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Easy Rainbow Chard Frittata

If you have eggs and leafy greens on hand, you have the beginnings of an easy and quick supper. Take for example, this rainbow chard frittata. Seasoned simply, with aromatic onions and garlic, plus salt and pepper, frittatas like this are a protein rich last minute meal, one I fall back on time and time again.

serving Rainbow Chard Frittata | Letty's Kitchen

Nutritious rainbow chard is the leafy green in this frittata. The best thing about using chard is that you can–you should–you must–use the colorful stalks as well as the leaves. The stalks add bonus flavor and color plus more vegetable volume to whatever you’re using it in, like frittatas!


Rainbow chard for Rainbow Chard Frittata | Letty's Kitchen

Think of a frittata as a large Italian omelet, except the filling is mixed right into the eggs. Almost any vegetable goes—potatoes, asparagus, all types of greens, leftovers–rainbow chard frittata is just one idea. If you have fresh herbs, include them. You can add cheese or skip the cheese altogether. Vary your rainbow chard frittata with Gruyere, blue, feta, ricotta, whatever you have on hand. Mix it in the filling or/and sprinkle the cheese on top.

eggs for Rainbow Chard Frittata | Letty's Kitchen

Frittatas can be made with up to a dozen eggs–this one is veggie dominant, made with 6 eggs. You can bake the whole thing in the oven, or cook it stovetop. Some recipes have you flip a frittata onto a plate and slide it back into the skillet to cook the other side. This rainbow chard frittata finishes under the broiler—no flipping skills needed.

The first time I made a chard frittata was with friends in Hood River Oregon. Actually they were catering a wedding and I was there to help. For 3 hours I cracked eggs while my frittata partner cooked the eggs and veggies, skillet after skillet, 20 frittatas total. They were served on large family style platters, 12 wedges to a platter, surrounded with mixed greens, sliced red and yellow beets, and local goat cheese.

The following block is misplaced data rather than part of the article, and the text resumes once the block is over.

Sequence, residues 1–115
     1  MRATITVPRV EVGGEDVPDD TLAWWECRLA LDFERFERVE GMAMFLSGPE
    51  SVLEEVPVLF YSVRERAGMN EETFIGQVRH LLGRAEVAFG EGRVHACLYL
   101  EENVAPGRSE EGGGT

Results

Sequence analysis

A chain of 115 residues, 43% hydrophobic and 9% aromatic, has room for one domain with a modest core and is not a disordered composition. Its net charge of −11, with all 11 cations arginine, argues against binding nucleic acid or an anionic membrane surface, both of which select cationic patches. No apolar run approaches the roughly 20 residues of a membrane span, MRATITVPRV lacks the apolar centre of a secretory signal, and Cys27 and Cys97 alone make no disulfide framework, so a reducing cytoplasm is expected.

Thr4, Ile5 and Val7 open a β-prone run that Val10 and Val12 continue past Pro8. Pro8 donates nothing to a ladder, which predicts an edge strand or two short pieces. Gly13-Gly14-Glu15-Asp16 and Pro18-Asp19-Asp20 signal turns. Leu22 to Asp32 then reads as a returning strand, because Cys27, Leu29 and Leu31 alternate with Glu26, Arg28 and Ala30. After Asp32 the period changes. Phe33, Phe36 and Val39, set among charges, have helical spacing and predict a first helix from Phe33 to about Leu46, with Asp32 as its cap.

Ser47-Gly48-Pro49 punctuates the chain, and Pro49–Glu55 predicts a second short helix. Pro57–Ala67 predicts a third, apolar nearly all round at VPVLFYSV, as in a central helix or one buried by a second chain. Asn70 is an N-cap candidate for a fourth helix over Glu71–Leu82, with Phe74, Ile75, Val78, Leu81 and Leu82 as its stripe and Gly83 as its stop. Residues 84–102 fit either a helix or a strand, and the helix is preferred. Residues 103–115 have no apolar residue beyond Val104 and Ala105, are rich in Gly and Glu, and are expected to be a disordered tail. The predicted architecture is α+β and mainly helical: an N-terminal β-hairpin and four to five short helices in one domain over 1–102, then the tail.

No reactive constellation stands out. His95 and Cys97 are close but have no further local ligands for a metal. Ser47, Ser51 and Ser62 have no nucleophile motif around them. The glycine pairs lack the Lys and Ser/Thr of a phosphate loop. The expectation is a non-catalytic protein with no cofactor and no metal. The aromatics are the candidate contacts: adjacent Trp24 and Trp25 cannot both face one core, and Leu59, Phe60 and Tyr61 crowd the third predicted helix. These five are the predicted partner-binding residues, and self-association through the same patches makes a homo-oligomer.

We followed a frittata recipe from The Art of Simple Food: Notes, Lessons, and Recipes from a Delicious Revolution, a cookbook by Alice Waters. The recipe includes numerous tips for making perfect frittatas, with variations and serving ideas. I ordered the cookbook the next day, and have been making frittatas ever since. This rainbow chard frittata is adapted from that original recipe.
Rainbow Chard Frittata | Letty's Kitchen

Rainbow Chard Frittata recipe notes:

  • Crinkly-leafed chard is also known as Swiss chard. The gold, red, and white rainbow stalks look a bit like rhubarb or celery, though chard is a botanical cousin of beets and spinach, and, surprisingly, quinoa! Like spinach, chard’s tender leaves wilt and shrink quickly, all the sooner to get your frittata cooking.
  • Chard is second only to spinach on the world’s healthiest vegetable list. It’s packed with anthocyanins and fiber, and its vidid color, both in leaves and stalks, illustrates chard’s antioxidant qualities.